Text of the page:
Removing kernel options and devices in today's world

Doug Poland doug at
Fri Oct 28 16:37:47 PDT 2005


I've been using FreeBSD since 2.1.5 and have dutifully tweaked my
kernels to include devices I need, and remove unwanted things.  This
made a big difference on 486's with 16MB of memory.  

Over the years I've developed a procedure for keeping track of changes
in GENERIC and reducing the amount of time it takes to build a custom
kernel for a given box.  

Fast-forward to 2005, PCI, SMP, gigabytes of RAM, kernel loadable
modules and FreeBSD 6.x.  As I begin preparing some boxes for updating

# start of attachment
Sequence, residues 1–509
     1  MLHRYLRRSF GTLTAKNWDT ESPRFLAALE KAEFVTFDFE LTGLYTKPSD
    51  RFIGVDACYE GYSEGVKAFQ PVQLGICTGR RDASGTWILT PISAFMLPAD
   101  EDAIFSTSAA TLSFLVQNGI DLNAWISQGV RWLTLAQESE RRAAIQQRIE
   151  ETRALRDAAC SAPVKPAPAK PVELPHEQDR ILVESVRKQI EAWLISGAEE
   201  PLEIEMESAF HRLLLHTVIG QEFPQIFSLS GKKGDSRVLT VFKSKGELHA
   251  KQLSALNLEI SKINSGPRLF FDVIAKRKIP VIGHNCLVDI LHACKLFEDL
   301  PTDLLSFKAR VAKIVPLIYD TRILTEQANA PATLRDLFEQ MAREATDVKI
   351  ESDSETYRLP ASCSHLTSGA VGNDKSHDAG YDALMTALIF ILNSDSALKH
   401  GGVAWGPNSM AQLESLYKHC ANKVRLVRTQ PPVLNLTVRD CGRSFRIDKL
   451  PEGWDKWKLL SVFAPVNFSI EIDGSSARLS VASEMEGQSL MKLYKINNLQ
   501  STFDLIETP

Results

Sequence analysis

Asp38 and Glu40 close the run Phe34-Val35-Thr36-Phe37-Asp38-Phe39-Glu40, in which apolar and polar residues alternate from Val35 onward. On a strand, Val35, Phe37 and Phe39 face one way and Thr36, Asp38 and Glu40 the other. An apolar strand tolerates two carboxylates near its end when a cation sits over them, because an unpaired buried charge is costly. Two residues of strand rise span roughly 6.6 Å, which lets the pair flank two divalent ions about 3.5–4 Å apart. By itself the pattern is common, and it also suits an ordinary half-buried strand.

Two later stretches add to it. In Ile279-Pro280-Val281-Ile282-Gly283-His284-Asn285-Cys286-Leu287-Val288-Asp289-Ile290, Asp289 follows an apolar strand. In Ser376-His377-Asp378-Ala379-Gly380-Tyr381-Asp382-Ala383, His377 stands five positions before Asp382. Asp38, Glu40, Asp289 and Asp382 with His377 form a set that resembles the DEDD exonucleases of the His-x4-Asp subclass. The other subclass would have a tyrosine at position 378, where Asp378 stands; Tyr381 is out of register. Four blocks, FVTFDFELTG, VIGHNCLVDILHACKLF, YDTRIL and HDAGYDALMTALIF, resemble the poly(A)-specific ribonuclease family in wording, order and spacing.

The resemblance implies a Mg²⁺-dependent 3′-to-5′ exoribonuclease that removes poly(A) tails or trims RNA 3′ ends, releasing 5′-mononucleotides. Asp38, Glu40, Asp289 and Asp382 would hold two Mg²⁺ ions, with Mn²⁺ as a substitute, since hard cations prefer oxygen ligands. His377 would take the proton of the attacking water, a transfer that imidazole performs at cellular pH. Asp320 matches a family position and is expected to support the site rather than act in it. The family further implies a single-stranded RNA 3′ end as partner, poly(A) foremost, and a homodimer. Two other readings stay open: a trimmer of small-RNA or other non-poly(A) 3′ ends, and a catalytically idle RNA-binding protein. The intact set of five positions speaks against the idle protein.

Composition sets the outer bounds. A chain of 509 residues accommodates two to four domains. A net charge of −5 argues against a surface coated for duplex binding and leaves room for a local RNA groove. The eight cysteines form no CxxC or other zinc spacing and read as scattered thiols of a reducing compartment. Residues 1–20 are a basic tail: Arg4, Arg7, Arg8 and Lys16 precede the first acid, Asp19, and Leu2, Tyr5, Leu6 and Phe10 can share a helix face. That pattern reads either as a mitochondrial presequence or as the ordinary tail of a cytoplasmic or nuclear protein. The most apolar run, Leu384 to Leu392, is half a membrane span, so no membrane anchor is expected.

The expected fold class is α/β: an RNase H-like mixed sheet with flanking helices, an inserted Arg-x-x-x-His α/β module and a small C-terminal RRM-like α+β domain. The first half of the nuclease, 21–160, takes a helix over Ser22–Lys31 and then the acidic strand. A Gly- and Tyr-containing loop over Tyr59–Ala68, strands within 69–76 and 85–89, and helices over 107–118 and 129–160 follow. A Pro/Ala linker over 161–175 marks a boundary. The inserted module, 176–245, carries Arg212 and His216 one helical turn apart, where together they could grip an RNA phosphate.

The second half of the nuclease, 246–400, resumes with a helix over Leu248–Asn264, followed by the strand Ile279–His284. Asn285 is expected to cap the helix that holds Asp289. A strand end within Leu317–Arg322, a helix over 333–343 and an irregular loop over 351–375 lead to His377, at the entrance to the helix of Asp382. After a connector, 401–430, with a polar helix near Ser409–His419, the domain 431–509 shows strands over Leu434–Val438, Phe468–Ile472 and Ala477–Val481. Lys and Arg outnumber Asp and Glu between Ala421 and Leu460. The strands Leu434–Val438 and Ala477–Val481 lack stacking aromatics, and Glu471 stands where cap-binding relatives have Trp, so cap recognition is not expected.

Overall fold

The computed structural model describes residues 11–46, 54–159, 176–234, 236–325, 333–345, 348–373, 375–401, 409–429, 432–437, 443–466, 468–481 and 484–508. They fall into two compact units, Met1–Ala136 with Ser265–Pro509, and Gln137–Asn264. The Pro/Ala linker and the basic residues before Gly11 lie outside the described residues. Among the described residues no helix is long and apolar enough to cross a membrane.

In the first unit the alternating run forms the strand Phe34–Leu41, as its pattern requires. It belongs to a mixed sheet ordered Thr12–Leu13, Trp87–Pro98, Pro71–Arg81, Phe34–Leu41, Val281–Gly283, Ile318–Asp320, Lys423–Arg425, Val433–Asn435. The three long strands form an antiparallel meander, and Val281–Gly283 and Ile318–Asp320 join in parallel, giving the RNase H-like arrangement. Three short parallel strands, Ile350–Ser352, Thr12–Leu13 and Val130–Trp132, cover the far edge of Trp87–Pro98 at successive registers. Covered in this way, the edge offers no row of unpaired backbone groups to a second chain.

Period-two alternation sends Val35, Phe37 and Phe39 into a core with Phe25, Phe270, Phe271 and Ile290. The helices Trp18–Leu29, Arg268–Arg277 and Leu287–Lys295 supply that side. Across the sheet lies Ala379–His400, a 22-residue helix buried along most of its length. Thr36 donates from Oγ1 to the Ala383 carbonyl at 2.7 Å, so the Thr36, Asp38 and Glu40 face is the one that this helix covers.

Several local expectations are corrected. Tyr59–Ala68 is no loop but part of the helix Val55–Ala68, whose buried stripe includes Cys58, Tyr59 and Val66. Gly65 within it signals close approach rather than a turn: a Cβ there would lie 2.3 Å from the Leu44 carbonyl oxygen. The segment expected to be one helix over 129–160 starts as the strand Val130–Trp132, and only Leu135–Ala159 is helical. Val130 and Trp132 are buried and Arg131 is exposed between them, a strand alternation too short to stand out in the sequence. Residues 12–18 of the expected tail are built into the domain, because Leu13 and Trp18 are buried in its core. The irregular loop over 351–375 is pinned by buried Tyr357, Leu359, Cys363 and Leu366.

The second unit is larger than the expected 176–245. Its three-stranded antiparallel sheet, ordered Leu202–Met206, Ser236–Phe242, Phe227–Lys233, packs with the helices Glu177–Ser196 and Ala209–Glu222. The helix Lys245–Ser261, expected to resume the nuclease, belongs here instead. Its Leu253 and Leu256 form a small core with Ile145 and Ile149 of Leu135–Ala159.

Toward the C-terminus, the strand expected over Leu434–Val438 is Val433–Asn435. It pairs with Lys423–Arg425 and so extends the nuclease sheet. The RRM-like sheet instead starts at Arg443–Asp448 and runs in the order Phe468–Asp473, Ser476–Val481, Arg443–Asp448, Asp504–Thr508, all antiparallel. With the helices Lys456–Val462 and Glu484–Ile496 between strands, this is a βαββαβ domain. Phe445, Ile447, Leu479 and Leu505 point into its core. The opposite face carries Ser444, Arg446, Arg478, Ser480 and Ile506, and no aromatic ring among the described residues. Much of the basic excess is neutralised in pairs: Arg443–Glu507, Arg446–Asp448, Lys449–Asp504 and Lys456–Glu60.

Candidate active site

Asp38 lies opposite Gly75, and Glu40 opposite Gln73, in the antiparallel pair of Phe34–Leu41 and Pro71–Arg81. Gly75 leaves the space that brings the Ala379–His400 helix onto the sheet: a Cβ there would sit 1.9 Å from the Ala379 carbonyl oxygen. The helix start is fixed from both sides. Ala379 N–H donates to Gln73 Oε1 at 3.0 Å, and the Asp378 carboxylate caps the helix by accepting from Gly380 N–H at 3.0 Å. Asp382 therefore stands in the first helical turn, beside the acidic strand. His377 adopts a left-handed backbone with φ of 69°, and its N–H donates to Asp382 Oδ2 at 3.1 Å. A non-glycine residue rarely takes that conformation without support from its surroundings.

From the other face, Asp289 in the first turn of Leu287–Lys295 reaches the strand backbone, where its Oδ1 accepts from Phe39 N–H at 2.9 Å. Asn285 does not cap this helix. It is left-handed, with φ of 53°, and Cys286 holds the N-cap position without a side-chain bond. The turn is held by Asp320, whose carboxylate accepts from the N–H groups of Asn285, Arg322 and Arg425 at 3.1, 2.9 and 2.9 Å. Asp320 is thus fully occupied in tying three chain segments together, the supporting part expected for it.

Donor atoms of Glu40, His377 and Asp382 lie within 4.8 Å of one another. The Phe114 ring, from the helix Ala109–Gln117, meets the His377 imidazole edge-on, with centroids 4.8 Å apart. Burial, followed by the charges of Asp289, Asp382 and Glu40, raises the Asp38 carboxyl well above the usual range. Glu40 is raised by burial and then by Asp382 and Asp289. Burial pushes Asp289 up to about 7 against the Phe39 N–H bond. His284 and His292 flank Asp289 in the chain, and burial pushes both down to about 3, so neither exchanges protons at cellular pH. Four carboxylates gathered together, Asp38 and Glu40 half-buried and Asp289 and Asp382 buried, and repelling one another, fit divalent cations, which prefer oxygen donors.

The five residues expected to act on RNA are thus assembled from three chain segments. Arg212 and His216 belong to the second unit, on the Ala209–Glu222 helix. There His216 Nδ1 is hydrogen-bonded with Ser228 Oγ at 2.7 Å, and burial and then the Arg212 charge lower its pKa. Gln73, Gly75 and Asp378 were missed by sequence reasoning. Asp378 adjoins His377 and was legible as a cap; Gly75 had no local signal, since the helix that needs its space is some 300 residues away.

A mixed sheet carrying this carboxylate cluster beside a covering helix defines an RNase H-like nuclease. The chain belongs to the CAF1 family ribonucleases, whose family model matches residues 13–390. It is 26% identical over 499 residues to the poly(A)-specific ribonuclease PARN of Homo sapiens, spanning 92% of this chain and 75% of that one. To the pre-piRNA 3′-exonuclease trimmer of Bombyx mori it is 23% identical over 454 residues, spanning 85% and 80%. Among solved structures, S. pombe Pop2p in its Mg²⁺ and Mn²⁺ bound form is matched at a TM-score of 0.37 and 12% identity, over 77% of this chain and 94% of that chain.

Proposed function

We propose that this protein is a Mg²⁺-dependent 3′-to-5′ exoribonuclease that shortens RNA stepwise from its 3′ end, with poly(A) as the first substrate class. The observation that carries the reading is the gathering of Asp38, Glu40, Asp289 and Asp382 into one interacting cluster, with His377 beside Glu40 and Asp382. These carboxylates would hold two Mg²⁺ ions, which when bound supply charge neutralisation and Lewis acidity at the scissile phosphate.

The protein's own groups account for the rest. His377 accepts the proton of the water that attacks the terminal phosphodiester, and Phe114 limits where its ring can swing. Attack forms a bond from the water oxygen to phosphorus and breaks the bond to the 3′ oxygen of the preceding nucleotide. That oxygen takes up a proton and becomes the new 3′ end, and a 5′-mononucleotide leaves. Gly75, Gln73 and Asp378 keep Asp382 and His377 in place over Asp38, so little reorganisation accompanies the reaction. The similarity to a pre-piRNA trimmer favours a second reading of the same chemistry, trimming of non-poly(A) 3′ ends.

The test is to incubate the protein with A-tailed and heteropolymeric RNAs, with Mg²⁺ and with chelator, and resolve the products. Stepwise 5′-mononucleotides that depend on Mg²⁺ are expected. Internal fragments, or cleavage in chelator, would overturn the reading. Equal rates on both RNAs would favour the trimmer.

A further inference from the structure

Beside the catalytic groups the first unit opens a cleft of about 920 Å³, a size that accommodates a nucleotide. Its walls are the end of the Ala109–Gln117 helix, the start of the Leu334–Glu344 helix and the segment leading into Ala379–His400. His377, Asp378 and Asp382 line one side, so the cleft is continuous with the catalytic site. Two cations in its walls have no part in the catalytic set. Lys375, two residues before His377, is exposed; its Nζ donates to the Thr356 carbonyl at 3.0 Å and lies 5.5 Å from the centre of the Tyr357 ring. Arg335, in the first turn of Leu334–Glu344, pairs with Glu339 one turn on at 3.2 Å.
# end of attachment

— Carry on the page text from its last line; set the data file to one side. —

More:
to 6, I'm wondering if it's really worth the effort to tweak a kernel?
And by this I mean removing devices and options.  It's trivial to have
an include for the devices/options I need to add to every kernel.  But
the list of things to take out keeps getting bigger and bigger and the
chance for errors in editing increase.

I'm thinking of just running GENERIC with necessary additions.  Most of
my boxes are workstations or department-sized servers supporting basic
web, email, and file/print services.   Architecture is all 32-bit Intel
ranging from modest PIII to 4-way Xeon P4.

I can come up with several arguments for both cases (running GENERIC vs.
trimming all unneeded "fat" from a kernel).  Has anyone else wrestled with
this issue and come up with interesting conclusions?


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